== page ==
Kyoto, Japan, October 2011 travel blog

Gate to Sanboin Temple, where we weren't allowed to photograph the garden.

This lady carried her two little dogs in a crate on the...

Bamboo fence at the lunch restaurant.

Details of the fence--notice how the bamboo joints are perfectly aligned.

This canal was built to transport sake from the many breweries in...

Sake museum

Processing the sake reminded me of wineries.

Interesting pruning in the sake museum garden.

Professional dog walker had 6 or 7 charges in her care.

Entry detail at a new home on a Street of Dreams

Courtyard garden in one of the new homes.


The first day of the Kyoto Walking Tour certainly exceeded expectations. Douglas and Tamao’s diligent preparations paid off! Today was our only day on a chartered coach; the rest will be on public transportation or taxis.

We left the Kansai airport hotel promptly at 8, and during the 2-hour drive to the outskirts of Kyoto, Douglas gave us the scoop on what to expect for the next two weeks, his expectations of us (i.e., showing up on time every place), and a general overview of his philosophy in structuring these tours. He feels strongly about Japanese gardens and is not shy about expressing his opinions. He lived in Japan for ten years and studied gardening for several years here. His opinions often differ from those of other experts and books.

His goal for this trip is to show us the highest quality gardens, explain why they are considered the best, and help us to understand the ideas behind sukiya living, the concept that gardens are a part of our daily life, not something we should only visit, pay money to see, and then leave. He is passionate about the importance of gardens in our lives.

Our first garden was Sambon-in, established in 902, redone in 1598. It is known best as a garden of over 700 stones. The temple dates from the Heian period, but it fell into disrepair during the Momoyama. Toyotomi Hideyoshi changed all of that when he met the priest Giyen in 1598, while on a cherry blossom-viewing trip nearby. He agreed to Giyen's request to restore the gardens and temple and construction began immediately. The work was completed in six weeks, though Yoshiro (Kentei) worked on the garden for another twenty years afterward. The garden is supposed to include 700 stones, most of which came from other locations. Hideyoshi's own palace, Jurakudai, was the source for many of them. The temple also boasts other gardens including a double-gourd arrangement near the Hondo and several smaller ones.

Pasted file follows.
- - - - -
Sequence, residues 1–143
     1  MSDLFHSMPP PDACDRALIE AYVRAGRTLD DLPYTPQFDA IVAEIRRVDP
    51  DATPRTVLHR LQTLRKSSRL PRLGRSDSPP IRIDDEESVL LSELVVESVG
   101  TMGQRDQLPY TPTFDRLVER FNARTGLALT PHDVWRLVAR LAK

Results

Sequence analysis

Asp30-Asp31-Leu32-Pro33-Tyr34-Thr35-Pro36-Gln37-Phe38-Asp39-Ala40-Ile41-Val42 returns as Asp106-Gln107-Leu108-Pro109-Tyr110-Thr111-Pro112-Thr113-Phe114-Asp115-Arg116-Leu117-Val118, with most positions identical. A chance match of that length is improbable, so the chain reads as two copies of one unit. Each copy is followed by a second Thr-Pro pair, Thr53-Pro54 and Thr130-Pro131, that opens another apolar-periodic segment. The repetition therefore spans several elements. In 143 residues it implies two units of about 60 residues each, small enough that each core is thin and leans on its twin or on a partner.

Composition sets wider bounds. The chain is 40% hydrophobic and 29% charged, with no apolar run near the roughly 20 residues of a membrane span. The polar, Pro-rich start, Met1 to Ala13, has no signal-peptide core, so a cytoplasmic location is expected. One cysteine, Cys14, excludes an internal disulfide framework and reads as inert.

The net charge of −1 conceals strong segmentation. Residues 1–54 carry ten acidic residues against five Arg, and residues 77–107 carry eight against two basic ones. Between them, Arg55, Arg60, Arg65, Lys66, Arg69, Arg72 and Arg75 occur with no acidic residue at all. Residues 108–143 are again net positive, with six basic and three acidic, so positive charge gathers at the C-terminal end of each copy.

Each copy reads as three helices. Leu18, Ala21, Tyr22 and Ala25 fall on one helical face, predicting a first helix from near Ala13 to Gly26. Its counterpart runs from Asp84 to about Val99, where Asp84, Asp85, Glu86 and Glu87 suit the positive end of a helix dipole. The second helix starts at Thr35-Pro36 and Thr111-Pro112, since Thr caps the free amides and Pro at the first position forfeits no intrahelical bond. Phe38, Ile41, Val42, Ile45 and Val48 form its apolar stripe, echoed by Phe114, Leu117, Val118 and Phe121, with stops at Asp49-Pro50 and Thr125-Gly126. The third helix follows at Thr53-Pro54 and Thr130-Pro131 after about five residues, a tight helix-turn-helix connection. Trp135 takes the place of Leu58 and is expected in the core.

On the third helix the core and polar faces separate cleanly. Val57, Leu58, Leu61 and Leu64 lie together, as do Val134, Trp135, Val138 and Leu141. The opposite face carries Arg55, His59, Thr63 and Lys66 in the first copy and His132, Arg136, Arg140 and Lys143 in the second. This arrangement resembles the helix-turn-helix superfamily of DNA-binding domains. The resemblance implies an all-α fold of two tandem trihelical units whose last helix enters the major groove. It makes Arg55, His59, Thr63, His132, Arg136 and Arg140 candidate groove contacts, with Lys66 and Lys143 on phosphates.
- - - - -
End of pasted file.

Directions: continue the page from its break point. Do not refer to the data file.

Douglas taught us how to look at stones and their placement and asked us to consider whether there were too many. He pointed out that some of them are of a different variety than others, and asked us whether they were distracting in their difference. He pointed out how azaleas planted close to stones balance the hardness of the stones with the softness of the plants. He described the ideal way to place stones around the edges of a pond, with differing heights, to create a three-dimensional look. It was a thought-provoking experience, one we have to relive in only our memories, since we were forbidden from taking photos.

From there, we moved on to the Ume-no-Hana Restaurant that specializes in Kyoto style tofu dishes (we discovered that this is a common ingredient in Kyoto-area food). Each of the many small plates held intriguing, beautiful, and surprisingly tasteful tofu. Even the tofu ice cream was delicious! Following lunch, we walked through an area called Fushimi, ending at the Gekkeikan Okura Sake Museum, started in 1637, where we had a tour to see how sake is made. The water of the area is extremely soft and makes excellent sake. Of course, the tasting room was a hit. The surprise delight was a combination of the very sweet plum wine with a semi-dry sake. Oishi desu, neh?

Our last stop of the day was a model home village where home builders showcase the latest in homes and furnishings, much like the Street of Dreams in Portland except that these homes get torn down! (What a waste!) This was a nice contrasting experience after see all "old" things earlier in the day. Some of the homes had interesting small "pocket gardens" tucked both inside and outside the house. Douglas said that very few, if any, foreigners visit this example of contemporary Japanese homes.

After visiting the modern homes, our bus dropped us at our hotel, the PalaceSide, our home for the next three weeks. It's old, the rooms are typical of other Japanese hotels (i.e., small), but it is convenient to just about everything, and it's a bargain. Not only that, but it’s directly across the street from the grounds of the Kyoto Imperial Palace, an area roughly the size of New York’s Central Park.

Douglas took us on a walking tour of the neighborhood. Most importantly, he showed us the "conbene" (convenience stores, AKA 7-Eleven, Circle K, and Lawsons), where you can find anything you need. We also trooped through the local supermarket before having dinner at a small neighborhood restaurant.

Our tour group consists of 14 people from Connecticut, New Jersey, New Mexico, Minnesota, Wisconsin, Great Britain, British Columbia, and Sweden. I am the only one from Oregon, but another tour guide from the Portland Garden, Alan, lives in Battle Ground, Washington. It seems like a very compatible group, and it's fun to learn how the common interest in Japanese gardens has spread so far. I hope you find this blog interesting!

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